Miranda founded The Reading Agency, an organisation established in 2002 which aims to inspire more people in the UK to read more, encourages them to share their enjoyment of reading and celebrate the difference reading makes to all our lives. The New Zealand Book Council and the National Library of New Zealand share an ambition to encourage Kiwis to enjoy all that a good book has to offer.
Miranda received an OBE in 2005 for services to education and libraries. She is now leading the work of EmpathyLab, a small start-up passionate about the creative power of words to build empathy, and the power of empathy to make the world a better place.
Miranda says “helping people to become confident and enthusiastic readers can change lives. I'm excited about coming to NZ to share experience of starting practical programmes which inspire thousands of people to enjoy reading for the first time.”
Peter Biggs, Chair of the Board of the New Zealand Book Council said “Research demonstrates that reading for pleasure hugely impacts wellbeing, increases empathy and emotional intelligence, and builds self-esteem. Our aim is to get more New Zealanders reading more often and we are keen to identify any synergies with successful UK programmes”.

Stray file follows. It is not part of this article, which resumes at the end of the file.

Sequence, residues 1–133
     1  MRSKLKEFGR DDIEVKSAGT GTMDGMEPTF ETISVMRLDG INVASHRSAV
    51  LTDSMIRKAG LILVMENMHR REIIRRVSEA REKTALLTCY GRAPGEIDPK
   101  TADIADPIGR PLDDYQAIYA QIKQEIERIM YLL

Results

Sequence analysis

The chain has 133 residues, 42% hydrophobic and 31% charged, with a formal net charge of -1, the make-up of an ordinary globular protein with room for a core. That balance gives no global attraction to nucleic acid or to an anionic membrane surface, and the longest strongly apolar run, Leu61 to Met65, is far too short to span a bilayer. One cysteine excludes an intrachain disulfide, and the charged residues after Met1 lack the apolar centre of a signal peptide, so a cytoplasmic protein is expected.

Bill Macnaught, National Librarian said Miranda’s visit is timely. “The National Library is heavily involved in a number of initiatives to encourage reading, particularly among young people. Our Services to Schools programme is trying new ways to engage young New Zealanders with reading, and to encourage a culture of reading for pleasure. It is also increasingly important for agencies like the Library and the Book Council to step up the ways we work together to nurture and promote reading.”
Launched in 2014 by the New Zealand Book Council and Auckland Writers Festival, the Great Kiwi Classic initiative is an annual opportunity for readers of all ages and interests to celebrate our most treasured books and writers.
In 2014, Keri Hulme’s Booker Prize-winning novel The Bone People was selected as the inaugural Great Kiwi Classic after a wealth of public nominations, and Owls Do Cry by Janet Frame received the 2015 crown.
The Great Kiwi Classic has had a makeover for 2016! This year’s Auckland Writers Festival event, The Great Kiwi Classic: Face-Off, will feature four super fans staking a claim on behalf of a writer for the title 2016 Great Kiwi Classic author.